Organizations may not apply to an administrative court with an abstract petition for a review of conformity of a regulatory administrative act (or a part of it) with a law or regulation issued by the government (according to Article 110 of the Law on Administrative Proceedings, such a right is only vested in the members of the parliament, ombudsmen, officers of the supreme audit institution, regional governors, courts, prosecutors, and – in the case of a municipal act - government representatives supervising the activities of municipalities).
Article 121 of the above-mentioned law, which lays down the right to file a petition for reviewing the legality of an administrative act in connection to an individual case, regarding infringement of specific rights, does not distinguish NGOs or other organizations (associations) either. It simply cross-refers to Article 22 of the Law on Administrative Proceedings, which enumerates entities having a right to file a claim to an administrative court in general. Therefore, the answer to a question, whether organizations can challenge an individual administrative act, would be parallel to those above – associations of private or legal persons are not distinguished from other persons in such instances. The same applies when claiming compensation for moral wrong or suffered material loss.
What kind of criteria for standing is established?
How is it laid down?
No special criteria (except the existence of a legitimate interest) are laid down for NGOs for standing. As a general rule, if there were any, the criteria would be established by laws and further developed by statutes of the organizations.
No statistics about the number or percentage of actions being brought by NGOs in comparison to other types of cases or to the whole number of actions are available at the present.
The question of indirect access of organizations to administrative courts in Lithuania lacks clarity as well.
Article 5, Part 3, Section 2 of the Law on Administrative Proceedings states that administrative courts hear cases on petitions for the protection of the rights of other persons lodged by the institutions or agencies specified by laws.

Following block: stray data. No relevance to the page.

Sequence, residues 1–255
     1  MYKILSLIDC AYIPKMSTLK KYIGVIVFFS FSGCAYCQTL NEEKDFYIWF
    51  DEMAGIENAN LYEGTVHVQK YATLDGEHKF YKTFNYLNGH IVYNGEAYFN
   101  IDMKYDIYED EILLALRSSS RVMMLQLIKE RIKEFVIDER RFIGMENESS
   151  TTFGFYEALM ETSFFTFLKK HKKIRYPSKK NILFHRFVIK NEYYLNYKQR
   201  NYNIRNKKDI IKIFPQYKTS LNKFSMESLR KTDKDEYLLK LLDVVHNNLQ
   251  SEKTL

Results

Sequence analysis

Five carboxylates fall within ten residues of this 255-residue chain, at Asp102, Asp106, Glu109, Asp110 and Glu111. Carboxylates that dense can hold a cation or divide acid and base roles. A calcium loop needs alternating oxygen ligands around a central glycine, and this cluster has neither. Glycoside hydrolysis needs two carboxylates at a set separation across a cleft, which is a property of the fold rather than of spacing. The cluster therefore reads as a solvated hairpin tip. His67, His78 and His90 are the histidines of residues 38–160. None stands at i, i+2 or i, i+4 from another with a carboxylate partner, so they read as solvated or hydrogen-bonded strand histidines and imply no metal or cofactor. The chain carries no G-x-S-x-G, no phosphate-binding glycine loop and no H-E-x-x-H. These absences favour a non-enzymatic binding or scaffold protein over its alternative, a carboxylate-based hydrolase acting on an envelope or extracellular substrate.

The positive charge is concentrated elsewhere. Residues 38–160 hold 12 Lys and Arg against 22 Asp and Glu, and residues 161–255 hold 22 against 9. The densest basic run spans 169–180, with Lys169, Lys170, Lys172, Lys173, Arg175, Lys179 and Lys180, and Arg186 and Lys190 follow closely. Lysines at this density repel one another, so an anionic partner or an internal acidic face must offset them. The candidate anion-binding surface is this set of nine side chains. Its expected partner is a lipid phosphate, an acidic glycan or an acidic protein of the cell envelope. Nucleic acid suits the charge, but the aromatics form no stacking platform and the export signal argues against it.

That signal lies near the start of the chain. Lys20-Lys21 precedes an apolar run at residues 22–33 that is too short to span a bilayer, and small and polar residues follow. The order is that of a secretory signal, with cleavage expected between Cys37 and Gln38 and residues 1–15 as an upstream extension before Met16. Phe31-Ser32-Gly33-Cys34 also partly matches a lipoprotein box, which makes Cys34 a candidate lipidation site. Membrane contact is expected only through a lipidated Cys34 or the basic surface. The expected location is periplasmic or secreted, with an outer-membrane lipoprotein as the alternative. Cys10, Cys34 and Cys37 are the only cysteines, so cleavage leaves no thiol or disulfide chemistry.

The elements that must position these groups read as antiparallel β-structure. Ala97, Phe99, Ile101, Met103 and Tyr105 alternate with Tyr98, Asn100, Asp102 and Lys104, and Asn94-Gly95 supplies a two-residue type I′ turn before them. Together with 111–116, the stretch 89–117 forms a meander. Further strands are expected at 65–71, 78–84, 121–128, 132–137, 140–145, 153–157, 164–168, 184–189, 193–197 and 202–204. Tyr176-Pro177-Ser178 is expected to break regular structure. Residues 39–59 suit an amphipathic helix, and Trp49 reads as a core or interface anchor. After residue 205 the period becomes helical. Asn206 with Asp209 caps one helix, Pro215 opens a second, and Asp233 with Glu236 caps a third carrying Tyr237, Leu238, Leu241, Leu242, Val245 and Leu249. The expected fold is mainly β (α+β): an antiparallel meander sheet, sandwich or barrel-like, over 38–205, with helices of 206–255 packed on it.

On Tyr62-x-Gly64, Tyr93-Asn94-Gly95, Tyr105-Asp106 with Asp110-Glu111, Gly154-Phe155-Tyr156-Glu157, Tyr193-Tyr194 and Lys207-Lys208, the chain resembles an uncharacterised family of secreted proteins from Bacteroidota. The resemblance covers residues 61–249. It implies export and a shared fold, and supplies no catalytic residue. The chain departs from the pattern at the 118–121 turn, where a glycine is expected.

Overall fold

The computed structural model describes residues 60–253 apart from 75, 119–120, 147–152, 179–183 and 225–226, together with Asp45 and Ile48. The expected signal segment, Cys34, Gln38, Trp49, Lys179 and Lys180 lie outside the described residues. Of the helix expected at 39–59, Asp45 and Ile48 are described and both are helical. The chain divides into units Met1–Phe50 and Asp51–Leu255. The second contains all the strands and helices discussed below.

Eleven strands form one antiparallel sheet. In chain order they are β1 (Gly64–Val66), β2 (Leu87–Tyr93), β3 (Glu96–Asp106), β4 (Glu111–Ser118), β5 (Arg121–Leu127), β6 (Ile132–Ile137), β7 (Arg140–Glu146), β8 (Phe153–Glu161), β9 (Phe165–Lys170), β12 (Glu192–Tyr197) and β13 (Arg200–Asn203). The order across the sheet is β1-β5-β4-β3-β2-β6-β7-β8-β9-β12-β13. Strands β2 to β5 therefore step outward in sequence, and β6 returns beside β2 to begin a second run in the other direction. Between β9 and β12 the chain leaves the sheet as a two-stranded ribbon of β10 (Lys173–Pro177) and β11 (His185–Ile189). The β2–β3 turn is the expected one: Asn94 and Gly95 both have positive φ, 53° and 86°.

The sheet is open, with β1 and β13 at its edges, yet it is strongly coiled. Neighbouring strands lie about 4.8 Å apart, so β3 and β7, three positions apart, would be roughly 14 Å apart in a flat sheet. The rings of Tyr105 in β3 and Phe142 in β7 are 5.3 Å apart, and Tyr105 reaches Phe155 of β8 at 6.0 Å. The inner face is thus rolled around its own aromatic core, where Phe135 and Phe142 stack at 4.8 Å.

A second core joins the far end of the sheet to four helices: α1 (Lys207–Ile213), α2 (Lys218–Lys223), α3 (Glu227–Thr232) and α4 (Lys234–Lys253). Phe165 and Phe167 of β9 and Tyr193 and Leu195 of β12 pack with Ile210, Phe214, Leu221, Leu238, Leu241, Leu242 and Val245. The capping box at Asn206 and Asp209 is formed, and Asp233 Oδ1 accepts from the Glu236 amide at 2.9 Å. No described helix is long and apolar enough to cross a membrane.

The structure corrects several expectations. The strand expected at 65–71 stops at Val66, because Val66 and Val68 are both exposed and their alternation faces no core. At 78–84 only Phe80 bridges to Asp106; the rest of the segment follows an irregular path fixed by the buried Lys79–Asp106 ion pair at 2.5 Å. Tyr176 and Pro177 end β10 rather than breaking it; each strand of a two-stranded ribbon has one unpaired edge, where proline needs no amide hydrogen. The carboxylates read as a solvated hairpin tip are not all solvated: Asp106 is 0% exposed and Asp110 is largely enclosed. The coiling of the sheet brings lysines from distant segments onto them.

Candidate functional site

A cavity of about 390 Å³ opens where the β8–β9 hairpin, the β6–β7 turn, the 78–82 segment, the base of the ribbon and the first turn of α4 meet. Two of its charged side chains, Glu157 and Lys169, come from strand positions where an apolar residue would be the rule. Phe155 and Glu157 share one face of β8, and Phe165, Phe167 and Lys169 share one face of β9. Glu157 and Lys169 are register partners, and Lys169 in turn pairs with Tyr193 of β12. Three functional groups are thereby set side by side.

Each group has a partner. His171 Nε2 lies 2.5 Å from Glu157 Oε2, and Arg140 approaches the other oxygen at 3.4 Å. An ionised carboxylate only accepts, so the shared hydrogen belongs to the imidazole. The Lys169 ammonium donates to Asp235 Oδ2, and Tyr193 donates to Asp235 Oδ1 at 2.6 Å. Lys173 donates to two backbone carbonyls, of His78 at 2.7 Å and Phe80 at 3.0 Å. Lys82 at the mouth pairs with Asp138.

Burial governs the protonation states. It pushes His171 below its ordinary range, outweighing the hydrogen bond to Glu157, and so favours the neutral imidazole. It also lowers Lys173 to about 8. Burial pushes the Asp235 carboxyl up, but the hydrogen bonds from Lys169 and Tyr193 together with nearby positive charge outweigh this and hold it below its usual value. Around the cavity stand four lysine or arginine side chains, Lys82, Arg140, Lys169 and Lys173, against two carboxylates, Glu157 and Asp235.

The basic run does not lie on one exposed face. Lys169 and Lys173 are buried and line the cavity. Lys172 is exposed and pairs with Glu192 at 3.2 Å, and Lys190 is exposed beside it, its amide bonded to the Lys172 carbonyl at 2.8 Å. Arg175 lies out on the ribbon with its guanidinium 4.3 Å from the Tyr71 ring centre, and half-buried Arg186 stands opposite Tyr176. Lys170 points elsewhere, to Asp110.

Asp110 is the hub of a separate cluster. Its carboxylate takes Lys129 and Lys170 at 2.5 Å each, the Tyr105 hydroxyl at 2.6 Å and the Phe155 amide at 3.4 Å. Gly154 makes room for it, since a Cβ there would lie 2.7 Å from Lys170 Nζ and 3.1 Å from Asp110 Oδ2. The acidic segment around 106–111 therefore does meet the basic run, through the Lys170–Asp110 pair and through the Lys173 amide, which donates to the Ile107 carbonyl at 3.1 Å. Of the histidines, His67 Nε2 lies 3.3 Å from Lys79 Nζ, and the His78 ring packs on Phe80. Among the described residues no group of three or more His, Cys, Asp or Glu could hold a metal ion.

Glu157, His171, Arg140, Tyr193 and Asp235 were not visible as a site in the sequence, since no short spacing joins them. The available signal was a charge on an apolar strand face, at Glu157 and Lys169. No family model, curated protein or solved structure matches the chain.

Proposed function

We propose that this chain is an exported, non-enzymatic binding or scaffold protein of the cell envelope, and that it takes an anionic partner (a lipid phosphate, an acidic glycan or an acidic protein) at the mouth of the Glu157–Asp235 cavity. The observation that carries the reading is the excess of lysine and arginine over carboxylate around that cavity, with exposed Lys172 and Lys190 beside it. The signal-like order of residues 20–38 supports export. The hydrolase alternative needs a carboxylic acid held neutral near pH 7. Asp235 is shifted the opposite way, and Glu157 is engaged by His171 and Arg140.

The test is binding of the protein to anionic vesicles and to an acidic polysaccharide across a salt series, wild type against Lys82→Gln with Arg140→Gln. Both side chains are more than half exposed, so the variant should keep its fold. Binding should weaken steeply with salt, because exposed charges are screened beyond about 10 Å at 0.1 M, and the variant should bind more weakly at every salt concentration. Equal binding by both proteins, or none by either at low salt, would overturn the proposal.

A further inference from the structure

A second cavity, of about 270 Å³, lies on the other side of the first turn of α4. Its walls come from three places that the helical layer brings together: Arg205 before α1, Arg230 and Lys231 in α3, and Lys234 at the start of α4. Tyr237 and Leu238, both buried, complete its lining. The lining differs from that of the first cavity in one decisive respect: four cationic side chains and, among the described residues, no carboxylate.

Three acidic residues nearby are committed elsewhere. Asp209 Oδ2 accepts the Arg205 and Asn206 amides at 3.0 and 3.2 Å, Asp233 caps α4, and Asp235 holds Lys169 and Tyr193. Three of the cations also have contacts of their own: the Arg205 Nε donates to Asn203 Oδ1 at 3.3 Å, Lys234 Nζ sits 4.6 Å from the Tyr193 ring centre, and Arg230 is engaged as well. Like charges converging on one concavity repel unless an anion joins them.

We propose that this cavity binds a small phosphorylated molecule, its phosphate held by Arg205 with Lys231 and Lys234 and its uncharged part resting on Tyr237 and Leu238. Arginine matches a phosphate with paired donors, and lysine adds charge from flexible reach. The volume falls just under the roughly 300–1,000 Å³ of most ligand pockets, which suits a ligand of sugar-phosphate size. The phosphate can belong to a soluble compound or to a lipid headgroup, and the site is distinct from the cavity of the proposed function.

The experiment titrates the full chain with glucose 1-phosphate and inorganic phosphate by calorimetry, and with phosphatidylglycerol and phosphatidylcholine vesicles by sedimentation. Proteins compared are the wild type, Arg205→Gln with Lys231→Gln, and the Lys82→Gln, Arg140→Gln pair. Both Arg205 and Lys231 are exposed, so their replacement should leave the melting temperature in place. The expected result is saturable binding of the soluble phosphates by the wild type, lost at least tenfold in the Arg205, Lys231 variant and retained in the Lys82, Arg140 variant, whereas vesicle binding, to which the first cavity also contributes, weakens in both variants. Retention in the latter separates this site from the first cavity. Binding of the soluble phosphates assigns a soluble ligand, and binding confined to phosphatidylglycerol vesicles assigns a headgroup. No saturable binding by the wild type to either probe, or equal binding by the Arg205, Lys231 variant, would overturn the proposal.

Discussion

One good example could be the national Law on Trade Unions, which provides for a possibility of a trade union to initiate a judicial procedure at an administrative court. It sets a possibility for its access to the court in the event when the employer fails to consider (during a set period of time) the demand of the trade union to annul a decision or refuses to satisfy the demand, relating to a breach of rights of its members. The case law of the Supreme Administrative Court of Lithuania determined the exact status of such a professional union, declaring that it may not be considered as a claimant because it only represents its members in administrative courts without having a direct legitimate interest in the outcome of the case.
Article 56 of the Law on Administrative Proceedings of the Republic of Lithuania states that “the prosecutor, the entities of administration, State institutions, agencies, organisations, services, or natural persons may apply to the court with a petition for the protection of the public interest or protection of the rights of the state, municipality and persons as well as the interests protected by laws.” They may do this only when established by law. In such cases, the above-mentioned persons are granted with the procedural rights and duties of the party to the proceedings.